/Looking to the future/According to current knowledge, therefore, an influence of plate tectonics and mantle convection on the Earth's magnetic field seems quite possible. The article also shows, however, that further research is still needed for a better understanding of these relationships. In particular, more episodes of "true polar wander" should be derived from paleomagnetic data, and it should be determined whether these are usually associated with an altered behavior of the magnetic field (e.g. frequency of field reversal). Also, future models for the generation of the geomagnetic field should investigate the influence of the spatial and temporal variation of the heat flux at the core-mantle boundary in more detail.
Images in printable resolution and an animation can be found at: http://www.gfz-potsdam.de/portal/gfz/Public+Relations/M40-Bildarchiv/Magnetfeld_Waermefluss
contact : Dr. Bernhard Steinberger, +49-331-288 1881
F.Ossing | EurekAlert!
The struggle for life in the Dead Sea sediments: Necrophagy as a survival mechanism
26.03.2019 | Geological Society of America
Mangroves and their significance for climate protection
26.03.2019 | Leibniz-Zentrum für Marine Tropenforschung (ZMT)
Cancers that display a specific combination of sugars, called T-antigen, are more likely to spread through the body and kill a patient. However, what regulates...
DESY and MPSD scientists create high-order harmonics from solids with controlled polarization states, taking advantage of both crystal symmetry and attosecond electronic dynamics. The newly demonstrated technique might find intriguing applications in petahertz electronics and for spectroscopic studies of novel quantum materials.
The nonlinear process of high-order harmonic generation (HHG) in gases is one of the cornerstones of attosecond science (an attosecond is a billionth of a...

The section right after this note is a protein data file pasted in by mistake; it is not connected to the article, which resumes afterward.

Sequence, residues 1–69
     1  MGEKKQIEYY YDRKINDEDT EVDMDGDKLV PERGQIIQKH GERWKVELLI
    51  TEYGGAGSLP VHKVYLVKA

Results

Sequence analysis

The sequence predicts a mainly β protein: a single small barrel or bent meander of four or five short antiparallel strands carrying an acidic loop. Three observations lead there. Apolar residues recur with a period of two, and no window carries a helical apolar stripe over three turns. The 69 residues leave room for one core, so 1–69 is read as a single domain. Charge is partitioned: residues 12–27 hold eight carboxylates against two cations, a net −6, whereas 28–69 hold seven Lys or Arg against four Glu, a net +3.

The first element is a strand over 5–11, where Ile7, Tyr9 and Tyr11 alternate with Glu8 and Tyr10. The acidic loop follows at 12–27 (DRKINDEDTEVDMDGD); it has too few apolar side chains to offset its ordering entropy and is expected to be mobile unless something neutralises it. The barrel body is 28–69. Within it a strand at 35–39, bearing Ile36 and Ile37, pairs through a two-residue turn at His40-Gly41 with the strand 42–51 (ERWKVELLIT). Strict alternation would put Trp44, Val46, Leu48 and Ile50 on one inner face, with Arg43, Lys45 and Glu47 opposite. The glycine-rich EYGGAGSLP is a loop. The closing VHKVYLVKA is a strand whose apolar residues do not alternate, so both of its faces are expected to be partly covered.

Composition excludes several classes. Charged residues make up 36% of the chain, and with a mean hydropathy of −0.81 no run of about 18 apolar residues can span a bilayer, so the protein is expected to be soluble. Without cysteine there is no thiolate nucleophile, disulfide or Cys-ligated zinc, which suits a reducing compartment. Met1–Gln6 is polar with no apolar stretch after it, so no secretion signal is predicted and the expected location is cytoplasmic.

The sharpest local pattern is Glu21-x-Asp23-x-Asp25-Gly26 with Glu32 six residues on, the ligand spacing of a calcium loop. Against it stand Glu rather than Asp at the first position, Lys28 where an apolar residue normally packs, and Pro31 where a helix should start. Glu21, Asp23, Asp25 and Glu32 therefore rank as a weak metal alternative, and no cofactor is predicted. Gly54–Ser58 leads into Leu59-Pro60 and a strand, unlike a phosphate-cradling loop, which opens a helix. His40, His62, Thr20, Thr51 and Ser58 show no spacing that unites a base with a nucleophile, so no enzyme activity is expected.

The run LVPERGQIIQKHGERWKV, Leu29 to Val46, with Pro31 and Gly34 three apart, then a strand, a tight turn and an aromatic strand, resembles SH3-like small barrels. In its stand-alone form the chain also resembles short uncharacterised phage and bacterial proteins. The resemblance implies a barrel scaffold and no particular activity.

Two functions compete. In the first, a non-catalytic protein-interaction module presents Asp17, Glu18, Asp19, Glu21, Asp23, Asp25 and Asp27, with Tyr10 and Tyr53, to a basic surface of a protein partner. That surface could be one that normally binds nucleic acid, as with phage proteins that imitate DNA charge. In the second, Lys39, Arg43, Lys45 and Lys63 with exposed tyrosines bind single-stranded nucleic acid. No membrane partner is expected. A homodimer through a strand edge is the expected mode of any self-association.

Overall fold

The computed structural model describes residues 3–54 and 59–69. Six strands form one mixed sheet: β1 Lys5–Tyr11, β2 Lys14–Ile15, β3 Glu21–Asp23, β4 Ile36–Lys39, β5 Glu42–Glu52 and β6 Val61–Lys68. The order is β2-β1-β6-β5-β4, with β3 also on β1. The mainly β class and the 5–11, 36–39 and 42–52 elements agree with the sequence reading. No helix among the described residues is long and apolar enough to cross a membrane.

Nano- and microtechnology are promising candidates not only for medical applications such as drug delivery but also for the creation of little robots or flexible integrated sensors. Scientists from the Max Planck Institute for Polymer Research (MPI-P) have created magnetic microparticles, with a newly developed method, that could pave the way for building micro-motors or guiding drugs in the human body to a target, like a tumor. The preparation of such structures as well as their remote-control can be regulated using magnetic fields and therefore can find application in an array of domains.
The magnetic properties of a material control how this material responds to the presence of a magnetic field. Iron oxide is the main component of rust but also...
Due to the special arrangement of its molecules, a new coating made of corn starch is able to repair small scratches by itself through heat: The cross-linking via ring-shaped molecules makes the material mobile, so that it compensates for the scratches and these disappear again.
Superficial micro-scratches on the car body or on other high-gloss surfaces are harmless, but annoying. Especially in the luxury segment such surfaces are...
The Potsdam Echelle Polarimetric and Spectroscopic Instrument (PEPSI) at the Large Binocular Telescope (LBT) in Arizona released its first image of the surface magnetic field of another star. In a paper in the European journal Astronomy & Astrophysics, the PEPSI team presents a Zeeman- Doppler-Image of the surface of the magnetically active star II Pegasi.
A special technique allows astronomers to resolve the surfaces of faraway stars. Those are otherwise only seen as point sources, even in the largest telescopes...
11.03.2019 | Event News
01.03.2019 | Event News
28.02.2019 | Event News
26.03.2019 | Physics and Astronomy
26.03.2019 | Physics and Astronomy
26.03.2019 | Physics and Astronomy